From 2015 to 2017 the ILAE Task force revised concepts, definition, and classification of seizures, epilepsy, and Status Epilepticus. In the classification of seizures (Table 1) levels can be skipped.
Moreover, the diagnosis of epilepsy has become a multilevel process, which is designed to allow the classification of epilepsy in different clinical environments, meaning that different levels of classification will be possible depending on the available resources. After the presentation of seizures in a patient, the clinician makes a diagnosis working through several critical steps, excluding, however, any other possible causes for the clinical condition (epilepsy-imitators [8]). Indeed, the classification includes three levels: seizure types, epilepsy type, epilepsy syndrome (Table 2). Where possible, a diagnosis at all three levels should be sought as well as the etiology of the individual’s epilepsy [9].
On SE, the most common causes in children are fever and infections of the CNS. Other causes include hyponatremia, accidental ingestion of toxic agents, abnormalities of the CNS, genetic and metabolic disorders (phenylketonuria, hypocalcemia, hypoglycemia, hypomagnesemia).
The pathophysiological course of SE in children depends on the absence of anatomical abnormalities and pre-existing predisposing conditions of CNS.
SE is a condition resulting either from the failure of the mechanisms responsible for seizure termination or from the initiation of mechanisms which lead to abnormally prolonged seizures (after time point t1). It is a condition that can have long-term consequences (after time point t2), including neuronal death, neuronal injury, and alteration of neuronal networks, depending on the type and duration of seizures [1].
This definition is conceptual, with two operational dimensions: the first is the length of the seizure and the time point (t1) at which the seizure should be regarded as an “abnormally prolonged seizure.” The second time point (t2) is the time of ongoing seizure activity beyond which there is a risk of long-term consequences.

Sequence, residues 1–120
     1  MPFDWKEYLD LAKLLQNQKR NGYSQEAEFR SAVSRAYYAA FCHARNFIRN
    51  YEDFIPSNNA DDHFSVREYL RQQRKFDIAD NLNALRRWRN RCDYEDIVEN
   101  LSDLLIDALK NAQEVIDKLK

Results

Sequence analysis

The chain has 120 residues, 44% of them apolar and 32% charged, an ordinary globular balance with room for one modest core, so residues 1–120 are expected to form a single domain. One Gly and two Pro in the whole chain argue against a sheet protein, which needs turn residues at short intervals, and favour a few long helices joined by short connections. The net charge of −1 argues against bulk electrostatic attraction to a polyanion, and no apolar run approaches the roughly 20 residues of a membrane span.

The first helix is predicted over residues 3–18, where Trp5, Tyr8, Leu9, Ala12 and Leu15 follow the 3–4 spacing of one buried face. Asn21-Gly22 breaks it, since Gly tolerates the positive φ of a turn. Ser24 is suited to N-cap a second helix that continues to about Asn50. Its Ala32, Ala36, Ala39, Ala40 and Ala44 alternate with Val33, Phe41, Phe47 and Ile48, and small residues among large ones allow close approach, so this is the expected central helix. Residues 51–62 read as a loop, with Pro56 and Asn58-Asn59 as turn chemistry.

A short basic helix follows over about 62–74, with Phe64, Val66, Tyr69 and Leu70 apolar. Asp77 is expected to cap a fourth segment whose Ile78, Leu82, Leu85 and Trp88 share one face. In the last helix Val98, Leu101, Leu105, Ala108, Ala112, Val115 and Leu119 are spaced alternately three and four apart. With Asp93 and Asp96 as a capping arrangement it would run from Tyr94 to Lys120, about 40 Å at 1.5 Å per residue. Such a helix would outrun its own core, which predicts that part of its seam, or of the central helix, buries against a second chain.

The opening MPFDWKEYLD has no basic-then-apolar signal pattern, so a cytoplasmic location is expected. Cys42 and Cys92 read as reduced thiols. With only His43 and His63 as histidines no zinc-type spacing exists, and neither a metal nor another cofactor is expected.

1.1. Classification of SE

Status Epilepticus is classified according to the International League Against Epilepsy (ILAE) guidelines [1] into four categories: semiologic (Table 3), etiologic (Table 4), EEG pattern (Table 5), age-related (Table 6).

1.2. Risk Factors

The principal risk factors for seizures in children are correlated with: positive family history [10], high temperature [11], mental disability [12], delayed discharge from NICU or premature birth [10], mother’s alcohol abuse and smoking in pregnancy doubles the risk of seizure incidence [13]. Moreover in 30% of children in which the first episode of seizures occurs, the probability of recurrent episodes is increased.
Instead risks factors of recurrent febrile seizures include: small age and duration of first episode of seizures, low temperature during the first episode, positive familiar history for febrile seizures in a first degree relative, short timeframe from temperature elevation, and seizure onset [10].
Patients with all these risk factors show more than 70% probability of a recurrent episode of seizures; in contrast patients with none of them have a probability of a recurrent episode of seizure lower than 20% [14,15].

1.3. Mortality

The mortality rate in people affected by epilepsy is 2–4 times higher than the rest of the population, and 5–10 times higher in children.
Early death risk in children without neurological comorbidity is similar to the general population and lots of deaths are not related to seizures themselves but to the neurological preexisting disability.
This risk increase is a consequence of: lethal neuro-metabolic alterations, systemic complications (consequence of neuro-disability), death directly related to seizures.
This group includes sudden unexpected death in epilepsy (SUDEP), that represents the most common cause of death related to epilepsy in children: it is uncommon but death risk increases if epilepsy persists until the young-adult age [12,13].
Other causes of death could be: seizure related (ab-ingestis), natural causes related (brain tumors), non-natural causes (suicide or accidental death).
Global mortality rates are between 2.7 and 6.9 death per 1000 children every year; SUDEP related mortality in children is about 1.1–2 cases/10,000 children per year [13].

1.4. Pathophysiology

The exact mechanism of seizure onset is unknown. There could be either a deficit of neuronal inhibition or an excess of excitatory stimuli. Most authors suggest that the onset of seizures depends on a deficit in the neuronal inhibition, in particular γ-Aminobutyric acid (GABA) deficit [16], the most important neurotransmitter of CNS; alternatively it depends on the alteration of the GABA function which determines a prolonged and high intensity stimulation.
Other studies, in experimental animal models, demonstrated that N-methyl-D-aspartate (NMDA) and alpha-amino-3-hydroxy-5-methyl-4-isoxazole-propionic acid, both glutamate receptors, the most important excitatory receptor of CNS, are involved in seizure physiopathology [16]. Febrile seizures occur in young children whose convulsive threshold is lower.